Sci & Tech

Speedy Internet, Easy Internet

Major ISPs have announced data caps for each Internet speed. The new policy will offer users some relief as prices have been lowered and the caps are significantly higher than the limits that were imposed by the Internet companies up until last week
By the end 2016, close to 53% of Iranians had access to the Internet.By the end 2016, close to 53% of Iranians had access to the Internet.
ISP services will be closely monitored by the CRA. The ombudsman Hossein Fallah Joshghani has informed operators to comply with terms of their agreement with subscribers

Local ISPs on Saturday announced lower Internet tariffs following introduction of a mandatory landline Internet Fair Usage Policy by the Communication Regulatory Authority.

CRA’s move is aimed at expanding access to the Internet. Implementation of the new tariffs hopefully will lead to decreased costs and improved connectivity, ICTNA reported.

Through the new pricing rules, each landline ISP is required to announce a bandwidth cap for different Internet speeds. A bandwidth cap, also known as a band cap or a data cap, is a limit imposed on the transfer of data over a network. Although often referred to as a “bandwidth cap”, it is not the actual bandwidth (bits transferred per second) that is limited, but the amount of data downloaded per month.

Furthermore, a maximum monthly fee has been set based on Internet speed ranging from 125,000 rials ($3) for 512 Kbps services to 800,000 rials ($20) for a 16 Mbps connection.

Major local ISPs including Shatel, HiWeb, Pars Online, Asia Tech and Telecommunication Company of Iran have announced their new data caps for each Internet speed. The caps and tariffs certainly will offer users some long-awaited relief as prices have been cut and caps are significantly higher than the limits imposed by ISPs up until last week.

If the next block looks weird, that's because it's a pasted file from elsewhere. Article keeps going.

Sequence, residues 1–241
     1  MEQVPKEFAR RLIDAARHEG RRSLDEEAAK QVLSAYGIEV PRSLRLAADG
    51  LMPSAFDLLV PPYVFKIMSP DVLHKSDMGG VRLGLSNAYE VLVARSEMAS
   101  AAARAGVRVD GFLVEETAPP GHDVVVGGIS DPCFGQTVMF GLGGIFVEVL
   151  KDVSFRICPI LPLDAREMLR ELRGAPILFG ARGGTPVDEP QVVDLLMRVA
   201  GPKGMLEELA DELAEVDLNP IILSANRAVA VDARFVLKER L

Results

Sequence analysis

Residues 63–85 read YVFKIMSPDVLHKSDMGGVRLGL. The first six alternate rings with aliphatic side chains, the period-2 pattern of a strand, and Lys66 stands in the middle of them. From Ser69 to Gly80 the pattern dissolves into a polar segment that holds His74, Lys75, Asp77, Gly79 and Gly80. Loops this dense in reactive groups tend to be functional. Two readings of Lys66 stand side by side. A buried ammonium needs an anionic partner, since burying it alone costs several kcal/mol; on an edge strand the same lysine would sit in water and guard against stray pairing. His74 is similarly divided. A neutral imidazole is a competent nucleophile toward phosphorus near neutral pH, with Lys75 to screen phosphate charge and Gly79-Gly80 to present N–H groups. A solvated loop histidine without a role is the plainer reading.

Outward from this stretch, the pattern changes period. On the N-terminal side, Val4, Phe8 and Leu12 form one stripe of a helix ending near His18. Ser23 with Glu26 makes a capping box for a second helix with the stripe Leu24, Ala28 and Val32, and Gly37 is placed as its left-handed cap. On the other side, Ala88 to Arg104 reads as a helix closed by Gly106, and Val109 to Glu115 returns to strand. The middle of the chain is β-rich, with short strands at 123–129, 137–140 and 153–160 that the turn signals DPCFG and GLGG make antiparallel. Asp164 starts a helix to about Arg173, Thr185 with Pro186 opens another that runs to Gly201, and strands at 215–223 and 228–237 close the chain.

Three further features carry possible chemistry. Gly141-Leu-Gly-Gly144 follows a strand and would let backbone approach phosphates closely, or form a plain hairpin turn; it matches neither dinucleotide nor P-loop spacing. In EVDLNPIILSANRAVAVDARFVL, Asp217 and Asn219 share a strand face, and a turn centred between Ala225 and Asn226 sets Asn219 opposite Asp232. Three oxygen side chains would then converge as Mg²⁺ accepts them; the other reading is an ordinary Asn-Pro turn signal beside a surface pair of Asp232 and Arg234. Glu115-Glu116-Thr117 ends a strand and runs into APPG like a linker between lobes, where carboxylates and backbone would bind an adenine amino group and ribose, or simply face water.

For instance, getting 4Mbps Shatel Internet service with a 110 gigabyte data cap now costs 400,000 rials ($10). Previously, the company offered a 4Mbps connection for 440,000 rials ($11) with a 4 GB data usage limit.

According to the CRA’s Fair Usage Policy, henceforth, even if users exceed their nominal data cap the ISPs cannot disconnect them but are allowed only to decrease the Internet speed to 128 Kbps and not lower. Even with the lower speed, supposedly users would be able to access websites and online services with a relatively low but acceptable speed.

Service providers are also obliged to notify customers before reaching the cap. Users can pay additional fees to forestall the decrease in speed. For the ‘extra Internet usage’ ISPs cannot charge subscribers more than 20,000 rials (50 cents) per gigabyte. The previous average price for each extra gigabyte of Internet usage was about 40,000 rials ($1).

 Monitoring Pledge

ISP services will be closely scrutinized by the CRA. The ombudsman’s director Hossein Fallah Joshghani told operators to comply with terms of their agreement with subscribers. “If the CRA comes across any irregularity or receives complaints against the Internet companies, it will take legal action against the ISPs.”

One of the main indicators that will be monitored by the CRA is Internet speed. The speed should not be lower than what is mutually agreed and fluctuations below 5% will be disregarded by the state regulator.

Joshghani called on the ISPs to recheck with the CRA “if they think any part of the new rules is vague.”

If implemented, the Fair Usage Policy will increase access to the Internet, enabling the nation to improve its global ICT ranking. The latest data on ICT development released by the International Telecommunication Union show 53% of Iranians had access to the Internet by the end of 2016 and 62% of households were connected to the Internet.

According to ITU, Iran ranks 81 globally and 12th in Asia on the ICT Development Index.



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